New Plague Marine Template

Having read a bunch of new tutorials and having received my new brushes, I decided to take a crack at painting my favourite plague marines. That would be my OOP squad. In particular, I wanted to get started on the special weapons because I did such a bland job on them the last time.

The base coat was a very thin coat (diluted more than 50%) of chaos black, a very thin coat of graveyard earth, and a very thin coat of snakebite leather. That gave me a base of shadows so that I could see all the details.

Then, I used the zenithal light tutorial to decide where to place my shadows. In effect, you just position the light around the figurine in the way you want it to appear. So you can have top lighting, or side lighting, whatever you prefer.

I mixed enchanted blue and chaos black (again diluted more than 50%) to begin bringing out all the darkest shadows. That would be in the deepest nooks and crannies. Then I used a mix of shadow grey, chaos black, and blood red (again diluted more than 50%) to bring out the lighter shadows.

Now it was time to start blending a little more, so I used very diluted bubonic brown to brighten the lighter sections of the figurine, taking care to leave some of the original basecoat to the edges of the lightening effect.

Now it was time to do the strong highlights. For this I used rotting flesh (very diluted), being careful all the time to not make it too thick. This went on every part I wanted to jump out. The sections painted in rotting flesh would not pop on their own since the coat was very light. Instead, I used very thin traces of  bleach bone to highlight all the lines.

This method is different from my past efforts because I never tried painting blends before such as the three colour shadows. I also usually just dry brushed like crazy to bring out detail before, and the result was a bit bland. Now all the detail is crisp and easy to see with the naked eye. This is the biggest improvement, and it was made possible by my discovery of Kolinsky Tajmyr Brushes. I abused mine mercilessly, even using it for drybrushing (albeit very delicately but even so), and it still holds a beautiful point. I’ve used it now to paint three different models and even so, it continues to be  excellent for fine detail work. My old brushes would die after one figurine.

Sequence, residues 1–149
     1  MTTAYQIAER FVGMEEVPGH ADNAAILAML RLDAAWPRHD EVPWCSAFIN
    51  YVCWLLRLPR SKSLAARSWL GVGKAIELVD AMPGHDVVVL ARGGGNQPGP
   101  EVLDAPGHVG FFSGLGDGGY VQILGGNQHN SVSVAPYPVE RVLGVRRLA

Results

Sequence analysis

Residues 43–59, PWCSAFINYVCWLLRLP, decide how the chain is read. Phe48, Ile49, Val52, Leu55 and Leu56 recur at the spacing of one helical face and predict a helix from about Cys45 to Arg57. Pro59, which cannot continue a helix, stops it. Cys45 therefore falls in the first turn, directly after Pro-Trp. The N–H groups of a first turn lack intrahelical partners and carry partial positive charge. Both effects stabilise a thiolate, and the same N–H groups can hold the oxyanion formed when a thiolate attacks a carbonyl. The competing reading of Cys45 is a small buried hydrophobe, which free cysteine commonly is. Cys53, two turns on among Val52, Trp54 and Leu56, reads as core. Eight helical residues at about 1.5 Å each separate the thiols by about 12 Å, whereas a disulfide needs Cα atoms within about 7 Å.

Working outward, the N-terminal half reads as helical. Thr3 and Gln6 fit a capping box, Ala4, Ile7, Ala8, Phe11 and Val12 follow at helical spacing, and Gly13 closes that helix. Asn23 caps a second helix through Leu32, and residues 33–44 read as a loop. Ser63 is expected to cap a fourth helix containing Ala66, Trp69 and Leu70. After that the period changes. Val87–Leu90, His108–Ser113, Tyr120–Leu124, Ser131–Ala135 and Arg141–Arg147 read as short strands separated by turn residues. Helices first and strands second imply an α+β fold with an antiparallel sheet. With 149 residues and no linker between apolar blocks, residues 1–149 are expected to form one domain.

The figure took me 6 hours to complete, so it is feasible that I could paint my entire army over the course of 2-3 months. We’ll see how I feel after I complete at least a seven man squad.


2 responses to “New Plague Marine Template

  1. Super cool!! There’s a kind of dirty rawness that makes me think a little of a John Blanche concept sketch… The thing that would worry me though is how well the painting scheme will translate to an entire army. It looks great in close-up shots like you’ve posted, where you can really appreciate the subtlety in the shading… But once you get twenty or thirty models like that, I’d be concerned those subtelties will be easily lost, blending into a big stretch of rusty brown. Have you thought about how you’ll balance out the color scheme on an army-wide scale…? Or do you think it’s strong enough to be carried across your whole force like that?

  2. Thanks!

    Uniformity is usually a good thing with 40k armies. My problem is that I get bored so I keep trying new things. The result is my army has about seven generations of plague marines. My very first attempts had large glops of unmixed yellow paint on the eyes and really rough dégradations. I gradually evolved from using more then less bleached bone shading to adding shadows. My discovery of using brown washes as opposed to solid blacks really changed the appearance of my little bonhommes.

    To answer your question though, I think it will look great to have all my little dudes in these colours. I’ll also be happy if I can focus long enough to paint even a single squad in this scheme. My vehicles are using a slightly different scheme as well since they are larger and easier to work with. That will diversify things a bit.

    By the way, the shading pops a lot more in real life as you turn the figure in your hand. The yellow light in our kitchen kind of washes all the blending into a drab brown unfortunately.


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